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Issue 30

Browse Issue 30

What We Cannot Always See From Our Cars Can Hurt Us!


By Hema Ramsundar
Environment Specialist
Environment Unit
Caribbean Industrial Research Institute (CARIRI)


Issue 30 Page 09

Most of us who do are probably most concerned with what we can get charged for ... that is, ‘visible vapours’ as listed in the First Schedule of the Motor Vehicles and Road Traffic (Enforcement and Administration) Act (Chap. 48:52) which carries a $200 fine. The environmentalists among us are well aware that vehicle emissions consist of several ‘nasties’ which, collectively, pollute our urban air, and which have probably been causing respiratory problems in susceptible persons for years. A fine indicator of our cumulative air pollution is the thick grayish brown ‘smog’ that hangs around the Beetham Estate on cool mornings, from time to time. For ease of discussion, the pollutants contained in our vehicle emissions can be classed as ‘primary’ and includes the unburnt fuel (with volatile organic compounds), carbon monoxide and dioxide, nitrogen oxides, dust (or particulates) and sulphurous oxides. Some of these react with sunlight during the day to give rise to ‘secondary’ pollutants including ground level ozone and peroxyacetyl nitrate (or PAN), which are strong respiratory irritants. All of the emissions also contribute to the pool of greenhouse gases, which can bring about climate change and with it, disastrous consequences for a small island state like ours.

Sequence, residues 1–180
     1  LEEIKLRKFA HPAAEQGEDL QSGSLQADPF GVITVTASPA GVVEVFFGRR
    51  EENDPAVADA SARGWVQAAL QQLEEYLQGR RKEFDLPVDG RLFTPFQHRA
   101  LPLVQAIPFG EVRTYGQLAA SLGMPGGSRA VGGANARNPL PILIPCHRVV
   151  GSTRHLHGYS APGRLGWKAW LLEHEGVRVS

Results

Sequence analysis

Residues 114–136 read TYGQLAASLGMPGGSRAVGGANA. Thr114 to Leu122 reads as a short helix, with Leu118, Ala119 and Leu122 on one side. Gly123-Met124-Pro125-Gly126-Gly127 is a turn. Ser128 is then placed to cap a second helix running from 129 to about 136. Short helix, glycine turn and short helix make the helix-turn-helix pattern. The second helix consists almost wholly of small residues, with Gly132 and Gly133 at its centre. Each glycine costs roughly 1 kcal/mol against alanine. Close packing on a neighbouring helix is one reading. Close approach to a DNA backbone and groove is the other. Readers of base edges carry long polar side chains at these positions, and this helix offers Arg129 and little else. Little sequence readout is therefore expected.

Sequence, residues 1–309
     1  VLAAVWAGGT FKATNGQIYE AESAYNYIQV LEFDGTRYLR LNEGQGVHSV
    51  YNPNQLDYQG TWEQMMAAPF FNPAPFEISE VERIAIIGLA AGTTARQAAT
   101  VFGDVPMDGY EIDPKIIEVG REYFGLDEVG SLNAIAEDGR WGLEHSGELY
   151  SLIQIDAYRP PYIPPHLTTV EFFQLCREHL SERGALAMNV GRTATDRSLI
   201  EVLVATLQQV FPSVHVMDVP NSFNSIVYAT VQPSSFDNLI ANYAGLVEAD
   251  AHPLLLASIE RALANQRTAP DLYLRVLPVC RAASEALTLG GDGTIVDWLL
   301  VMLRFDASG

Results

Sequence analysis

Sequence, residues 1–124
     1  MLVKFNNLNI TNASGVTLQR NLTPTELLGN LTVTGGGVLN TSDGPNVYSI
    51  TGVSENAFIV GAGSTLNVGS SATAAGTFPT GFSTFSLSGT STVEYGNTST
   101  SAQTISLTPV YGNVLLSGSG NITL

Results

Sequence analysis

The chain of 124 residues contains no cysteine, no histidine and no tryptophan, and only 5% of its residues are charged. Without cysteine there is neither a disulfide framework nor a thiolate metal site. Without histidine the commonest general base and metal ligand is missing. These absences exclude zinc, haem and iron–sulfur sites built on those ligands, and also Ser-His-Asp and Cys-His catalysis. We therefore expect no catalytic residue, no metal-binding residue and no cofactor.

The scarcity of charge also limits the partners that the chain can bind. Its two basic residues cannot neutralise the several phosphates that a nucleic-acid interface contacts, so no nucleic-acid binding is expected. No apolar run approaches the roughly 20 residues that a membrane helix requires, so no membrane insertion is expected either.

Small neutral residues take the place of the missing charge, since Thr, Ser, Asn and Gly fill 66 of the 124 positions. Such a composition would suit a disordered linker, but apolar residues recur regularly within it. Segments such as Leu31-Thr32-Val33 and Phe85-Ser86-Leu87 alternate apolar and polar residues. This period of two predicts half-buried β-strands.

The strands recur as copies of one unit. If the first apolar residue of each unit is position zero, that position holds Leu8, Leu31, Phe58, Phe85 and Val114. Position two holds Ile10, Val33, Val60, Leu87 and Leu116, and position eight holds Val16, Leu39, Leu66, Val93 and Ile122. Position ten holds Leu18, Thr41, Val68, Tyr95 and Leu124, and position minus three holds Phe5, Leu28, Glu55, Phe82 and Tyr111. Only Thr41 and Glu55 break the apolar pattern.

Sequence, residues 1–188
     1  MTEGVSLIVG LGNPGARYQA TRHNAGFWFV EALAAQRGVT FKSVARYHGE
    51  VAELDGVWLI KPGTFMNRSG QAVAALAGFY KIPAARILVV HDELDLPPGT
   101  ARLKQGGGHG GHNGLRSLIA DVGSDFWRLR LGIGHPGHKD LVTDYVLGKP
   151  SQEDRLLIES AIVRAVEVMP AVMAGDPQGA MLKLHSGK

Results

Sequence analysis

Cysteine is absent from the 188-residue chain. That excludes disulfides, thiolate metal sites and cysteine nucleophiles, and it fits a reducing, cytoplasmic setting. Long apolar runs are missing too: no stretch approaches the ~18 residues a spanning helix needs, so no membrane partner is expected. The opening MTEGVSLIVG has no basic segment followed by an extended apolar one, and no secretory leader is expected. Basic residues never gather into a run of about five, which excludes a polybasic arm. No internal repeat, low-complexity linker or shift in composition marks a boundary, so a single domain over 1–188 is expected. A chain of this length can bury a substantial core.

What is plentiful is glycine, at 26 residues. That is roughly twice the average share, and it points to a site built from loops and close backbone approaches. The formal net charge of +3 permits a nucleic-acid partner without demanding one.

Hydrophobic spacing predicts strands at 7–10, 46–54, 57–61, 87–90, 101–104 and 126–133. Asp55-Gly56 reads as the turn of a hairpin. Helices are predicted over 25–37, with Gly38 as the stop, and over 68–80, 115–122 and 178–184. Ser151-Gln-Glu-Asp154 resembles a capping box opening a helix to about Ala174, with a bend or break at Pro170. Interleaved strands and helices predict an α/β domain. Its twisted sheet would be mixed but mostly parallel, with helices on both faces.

Accident Management Programmes

By Michael Crankshaw, Fleet Cude,
South Africa

Accident mangement programmes need the active intervention of senior management. The carrot and the stick are two important to the fleet owner. Apart form all the administrative matters shown below, the core element of a fleet safety programme is a commi9tment to Loss Control. Everyone in the company management, drivers and fleet mangers must demonstrate a strong commitment top safety.


Occupational Illness Reporting: Resources For Improvement

By John Hart
Ihmas Industrial Hygiene Systems and Services
Seventeenth century physician Bernardino Ramazzini is known as the Father of Occupational Medicine primarily because of his ground-breaking studies on the diseases suffered by workers. His own observations and evaluation of existing information in that area culminated into the publication De Morbis Artificum Diatriba (Diseases of Workers) which was printed first in 1700. However, in spite of the extensive history evident of the long existence of occupational disease, it is widely acknowledged that there is a grave concern of under-reporting with respect to work-related diseases throughout the developed, developing and under-developed countries of the world. Underreporting of these cases may result in a lack of national attention and resources needed to be allocated to certain work-related diseases, deficiencies in the care given to affected workers and a continuation (and even exacerbation) of the workplace conditions causing those diseases.


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